SEOUL, April 28 (Korea Bizwire) – The decline of the retail industry – that is, the brick-and-mortar portion of the market – is no secret.
In the U.S., major retailers have shuttered hundreds of stores over the past decade, including Sears and Kmart, which saw their numbers drop from some 3,800 to 1,430 stores over the past decade, according to the Financial Times.
Although South Korea’s traditional retailers have not been as judicious in closing down brick-and-mortar stores, their sales have remained stagnant for quite some time.
Department stores saw a year-on-year revenue increase of 2.4 percent last year to 29.9 trillion won ($26.33 billion), once again failing to hit the 30-trillion-won milestone. They reported 29.1 trillion won in revenue in 2012, which increased to 29.8 trillion won in 2013 before dropping to 29.3 trillion won and 29.2 trillion won in 2014 and 2015, respectively.
Although sources say that department stores would have reported more promising figures in absence of the presidential scandal that engulfed the nation towards the end of 2016, the rapidly growing ecommerce industry, accompanied by South Korea’s prolonged economic downturn prompting thrifty consumption, is an undoubted threat that will continue to curb further growth in the offline retail sector.
Online shopping, on the other hand, continues to prosper.
WeMakePrice, a daily deal site, and eBay Korea, the operator of the ecommerce platforms Gmarket and Auction, reported sales of 370 billion won and 860 billion won in 2016, up by roughly 150 billion and 60 billion won, respectively.
Coupang, another ecommerce leader, saw its sales soar by 69 percent last year compared to 2015.
Data from Statistics Korea indicates that online shopping transactions amounted to a total of 5.86 trillion won in February, a steady increase from 4.77 trillion won in February 2016 and 3.82 trillion won in February 2015.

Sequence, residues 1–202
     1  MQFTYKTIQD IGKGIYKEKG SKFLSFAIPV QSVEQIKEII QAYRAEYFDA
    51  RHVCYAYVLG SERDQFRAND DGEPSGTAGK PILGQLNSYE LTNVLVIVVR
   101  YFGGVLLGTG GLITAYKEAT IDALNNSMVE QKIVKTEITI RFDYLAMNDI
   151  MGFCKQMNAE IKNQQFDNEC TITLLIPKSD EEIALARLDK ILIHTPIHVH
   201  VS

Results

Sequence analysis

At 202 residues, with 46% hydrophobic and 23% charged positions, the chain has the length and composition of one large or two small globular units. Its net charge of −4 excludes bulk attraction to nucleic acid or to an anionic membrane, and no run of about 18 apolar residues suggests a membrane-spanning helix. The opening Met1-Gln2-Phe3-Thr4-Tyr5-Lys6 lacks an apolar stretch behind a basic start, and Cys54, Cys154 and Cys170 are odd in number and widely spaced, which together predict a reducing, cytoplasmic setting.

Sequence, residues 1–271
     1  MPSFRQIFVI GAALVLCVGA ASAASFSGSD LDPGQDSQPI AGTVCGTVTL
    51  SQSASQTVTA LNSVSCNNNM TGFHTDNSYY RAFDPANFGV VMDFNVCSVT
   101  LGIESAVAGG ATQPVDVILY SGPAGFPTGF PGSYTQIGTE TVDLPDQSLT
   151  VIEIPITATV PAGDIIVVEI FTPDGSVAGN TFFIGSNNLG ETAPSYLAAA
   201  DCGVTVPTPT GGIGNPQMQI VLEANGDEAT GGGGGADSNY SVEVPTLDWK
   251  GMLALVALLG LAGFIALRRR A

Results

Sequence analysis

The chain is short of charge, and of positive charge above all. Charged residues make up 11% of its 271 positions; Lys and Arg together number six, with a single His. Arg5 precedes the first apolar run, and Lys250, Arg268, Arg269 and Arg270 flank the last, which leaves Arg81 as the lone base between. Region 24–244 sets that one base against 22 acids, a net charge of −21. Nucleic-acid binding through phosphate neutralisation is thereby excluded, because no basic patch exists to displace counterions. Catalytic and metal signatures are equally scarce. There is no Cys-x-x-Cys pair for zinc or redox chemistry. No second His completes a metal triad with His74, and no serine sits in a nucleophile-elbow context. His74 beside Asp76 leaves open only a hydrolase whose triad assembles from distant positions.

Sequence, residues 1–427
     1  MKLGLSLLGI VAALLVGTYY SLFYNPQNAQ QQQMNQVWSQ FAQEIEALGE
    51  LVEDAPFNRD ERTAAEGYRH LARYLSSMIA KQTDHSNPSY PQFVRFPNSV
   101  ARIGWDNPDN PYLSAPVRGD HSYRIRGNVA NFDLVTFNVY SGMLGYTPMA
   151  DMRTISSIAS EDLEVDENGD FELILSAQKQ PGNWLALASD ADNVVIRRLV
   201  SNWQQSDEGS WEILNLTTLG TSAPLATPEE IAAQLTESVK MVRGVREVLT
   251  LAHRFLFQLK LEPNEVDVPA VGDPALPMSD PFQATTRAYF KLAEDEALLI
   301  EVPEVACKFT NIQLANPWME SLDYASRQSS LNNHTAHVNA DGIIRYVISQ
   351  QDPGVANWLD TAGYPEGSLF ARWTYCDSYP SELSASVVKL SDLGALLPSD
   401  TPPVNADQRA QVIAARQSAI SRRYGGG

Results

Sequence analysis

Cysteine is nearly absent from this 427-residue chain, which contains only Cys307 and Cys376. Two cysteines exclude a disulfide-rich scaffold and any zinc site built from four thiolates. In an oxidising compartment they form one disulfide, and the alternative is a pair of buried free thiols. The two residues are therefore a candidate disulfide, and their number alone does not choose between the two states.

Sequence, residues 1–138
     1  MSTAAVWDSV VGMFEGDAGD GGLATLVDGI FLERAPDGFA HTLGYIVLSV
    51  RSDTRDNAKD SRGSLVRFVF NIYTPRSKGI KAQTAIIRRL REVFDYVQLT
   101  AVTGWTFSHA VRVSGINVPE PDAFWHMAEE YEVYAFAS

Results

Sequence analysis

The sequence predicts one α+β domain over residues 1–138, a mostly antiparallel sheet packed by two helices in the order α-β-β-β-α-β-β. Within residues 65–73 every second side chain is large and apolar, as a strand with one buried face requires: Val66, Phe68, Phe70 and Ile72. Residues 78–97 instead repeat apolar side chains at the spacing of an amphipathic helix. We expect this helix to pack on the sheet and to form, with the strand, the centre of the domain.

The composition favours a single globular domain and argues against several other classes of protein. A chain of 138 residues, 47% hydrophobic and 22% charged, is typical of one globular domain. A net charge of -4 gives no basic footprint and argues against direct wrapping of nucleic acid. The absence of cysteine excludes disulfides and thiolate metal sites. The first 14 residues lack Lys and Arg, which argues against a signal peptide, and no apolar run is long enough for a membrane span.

“Online shopping malls have massive market potential, particularly with their big data analysis applications that can recommend products based on individual tastes,” said Soongsil University professor Ahn Seung-ho, also the president of the Korea Distribution Association, in an interview with the Chosun Ilbo.
“Department stores and other major retailers must adapt to the changes if they want to guarantee their survival,” he said.
In fact, traditional retailers have been bolstering their efforts to target changing consumer sentiment, although there is still much work to be done. Currently, Lotte, Shinsegae and Hyundai – the three major operators of department and discount stores – have online sales that account for less than 10 percent of their total sales.
Shinsegae Group is the most successful of the three by far. In Q4 2016, the company finally moved into the black with its ecommerce platform SSG.com, which combined four of its retail affiliates (Shinsegae Mall, Shinsegae Department Store, E-Mart and Traders), generating a net profit of 1 billion won.
E-Mart, for instance, has been boosting the efficiency of its online-to-offline retail business by establishing three distribution centers in the capital area solely dedicated to its ecommerce initiative. The discount store franchise plans to build three more distribution centers by 2020 to assure faster delivery to its customers.
“We expect to raise our online sales to about 5 trillion won by 2023,” said a company official. “Our online mall will account for 20 percent of all sales by E-Mart.”
E-Mart reported 838.6 billion won in online sales last year, up by 26.6 percent from 2015.
With the traditional players committed to online businesses, the next couple of years will likely be a crucial period that will shape South Korea’s ecommerce industry, industry watchers expect, and the competition between retailers will only heighten with cutthroat competition, which is already resulting in massive losses for ecommerce companies like Coupang and Ticket Monster.
“Many of the online retailers now are making up their losses with the growing number of online shoppers,” said an industry official. “But once market growth peaks, and online transactions reach their limit, some businesses will suffer.”
By Kevin Lee (firstname.lastname@example.org)